about 2 billon watts.
“A simpler definition is that one joule
is equal to one watt of electricity for one second. In other words, a
100watt light bulb shining for one second consumes 100 joules. Other
analogies:

The metabolism of an average person is also about
equivalent to a 100watt light bulb, or 100 joules per second.

The storage capacity of one AA alkaline (nonrechargeable)
battery is usually rated (brand new) at about 2.5 watthours of
power. That is the same as about 9,000 wattseconds, or 9,000
joules.

One standard horsepower exerted for one second is 746
joules. Modern tests show that is actually a little more than the
average horse can maintain. A person can maintain a sustained effort
of about onetenth horsepower.

The solar radiation reaching the Earth amounts to 1,366
joules per square meter per second. But the efficiency of typical
solar power generators is only about 10 percent.

The combustion energy in one liter of 87octane gasoline
is 32 million joules per liter or 44.4 million joules per kilogram
(or 121.1 million joules per gallon).
“But when we poured out the water, we
converted its potential energy to kinetic energy, which is the form
of energy of a moving object.
“Using kilograms (m
for mass) and meters per second (v for velocity)
produces joules.” Write this equation on the blackboard:
JOULES = (1/2)mv²
“So let’s look at our beaker of water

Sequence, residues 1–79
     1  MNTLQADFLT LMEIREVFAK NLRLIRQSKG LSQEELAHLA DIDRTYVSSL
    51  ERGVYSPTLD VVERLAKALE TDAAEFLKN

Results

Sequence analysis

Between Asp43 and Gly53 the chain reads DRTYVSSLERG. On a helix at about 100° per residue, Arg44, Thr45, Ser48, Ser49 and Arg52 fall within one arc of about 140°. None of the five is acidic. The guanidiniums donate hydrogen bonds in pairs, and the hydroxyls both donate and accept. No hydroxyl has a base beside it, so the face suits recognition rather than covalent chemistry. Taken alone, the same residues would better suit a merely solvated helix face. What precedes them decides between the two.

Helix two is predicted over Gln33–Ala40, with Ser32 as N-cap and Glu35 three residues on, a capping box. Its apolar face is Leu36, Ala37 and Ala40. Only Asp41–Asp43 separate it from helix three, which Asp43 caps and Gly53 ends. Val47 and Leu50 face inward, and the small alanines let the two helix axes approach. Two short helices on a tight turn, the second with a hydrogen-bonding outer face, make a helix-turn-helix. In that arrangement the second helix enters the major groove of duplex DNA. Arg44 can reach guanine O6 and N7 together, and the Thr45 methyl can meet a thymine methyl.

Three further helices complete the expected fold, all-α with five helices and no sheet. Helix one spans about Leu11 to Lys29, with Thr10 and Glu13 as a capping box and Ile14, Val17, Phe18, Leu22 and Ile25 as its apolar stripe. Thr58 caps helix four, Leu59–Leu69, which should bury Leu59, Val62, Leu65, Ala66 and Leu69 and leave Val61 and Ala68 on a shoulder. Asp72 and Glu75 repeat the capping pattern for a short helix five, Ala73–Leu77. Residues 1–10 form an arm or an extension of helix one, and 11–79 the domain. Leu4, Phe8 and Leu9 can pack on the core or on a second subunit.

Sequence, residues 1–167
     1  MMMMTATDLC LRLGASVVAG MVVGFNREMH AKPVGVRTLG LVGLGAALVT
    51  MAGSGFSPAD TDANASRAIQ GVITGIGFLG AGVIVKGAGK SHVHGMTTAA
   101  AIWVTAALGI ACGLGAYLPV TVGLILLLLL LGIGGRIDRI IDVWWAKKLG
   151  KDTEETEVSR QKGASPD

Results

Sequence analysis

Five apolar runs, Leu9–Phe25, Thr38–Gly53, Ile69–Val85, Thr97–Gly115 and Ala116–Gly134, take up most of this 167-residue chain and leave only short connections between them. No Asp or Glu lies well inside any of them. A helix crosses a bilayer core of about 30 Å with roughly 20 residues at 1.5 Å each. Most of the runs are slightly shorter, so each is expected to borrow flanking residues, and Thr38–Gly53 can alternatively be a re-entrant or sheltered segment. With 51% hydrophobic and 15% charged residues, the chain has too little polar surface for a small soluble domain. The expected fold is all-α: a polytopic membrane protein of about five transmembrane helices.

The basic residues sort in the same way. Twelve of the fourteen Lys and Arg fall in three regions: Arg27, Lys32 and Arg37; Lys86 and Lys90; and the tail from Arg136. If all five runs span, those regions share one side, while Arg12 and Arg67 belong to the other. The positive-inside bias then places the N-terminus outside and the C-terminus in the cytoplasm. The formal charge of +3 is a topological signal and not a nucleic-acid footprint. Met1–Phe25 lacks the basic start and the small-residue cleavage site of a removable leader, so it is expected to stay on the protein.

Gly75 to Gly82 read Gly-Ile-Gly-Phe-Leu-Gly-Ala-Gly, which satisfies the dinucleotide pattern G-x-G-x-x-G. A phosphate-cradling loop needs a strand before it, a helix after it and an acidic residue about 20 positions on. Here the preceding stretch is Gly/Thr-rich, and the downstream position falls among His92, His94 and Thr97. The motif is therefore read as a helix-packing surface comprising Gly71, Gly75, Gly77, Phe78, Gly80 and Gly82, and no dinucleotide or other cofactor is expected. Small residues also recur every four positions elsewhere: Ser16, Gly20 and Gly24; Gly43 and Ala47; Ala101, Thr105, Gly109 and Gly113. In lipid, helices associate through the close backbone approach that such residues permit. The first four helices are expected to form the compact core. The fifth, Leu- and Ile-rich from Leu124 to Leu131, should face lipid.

example again. Pouring it from a height of 30 centimeters happens to
produce a velocity of 2.42611 meters per second. (The formula to
derive the velocity of an object after it has fallen a certain
distance is the square root of twice the acceleration of gravity
times the distance fallen.) Again, the mass was 340 grams.”
Distribute an appropriate number of copies
of the Energy Comparisons Worksheet (S872_Energy Comparisons Worksheet and KEY.doc).
After reviewing the students’ work and
going over the answers, make these points:

The battery power sources are shown for comparison. They
cannot release all their energy quickly short of exploding.

You’ll note that gasoline offers 68 times more energy per
gram than lithium ion batteries, and 244 times more than car
batteries. This may help explain why electric cars have been slow to
catch on, and why researchers are constantly seeking batteries with
more energy density.
The lithium ion and car batteries are
rechargeable, unlike gasoline, which is combustible.
Extension:

Assume you have built a reservoir on a hill 100 meters above
a river. It is exactly the size of a football field (6,232 square
meters) and is ten meters deep. Given that a cubic meter of water
weighs about 1,000 kilograms (one metric ton, or tonne), what is the
potential energy of the contents of the reservoir, if the water is
piped down to a generator turbine at the banks of the river? (61.136
billion joules)

Assume you can sell your resulting power for the national
average of 12 cents per kilowatt hour. (A joule is the same as a
wattsecond.) Assuming 100 percent efficiency, what would be your
revenue? ($2,037,864.00)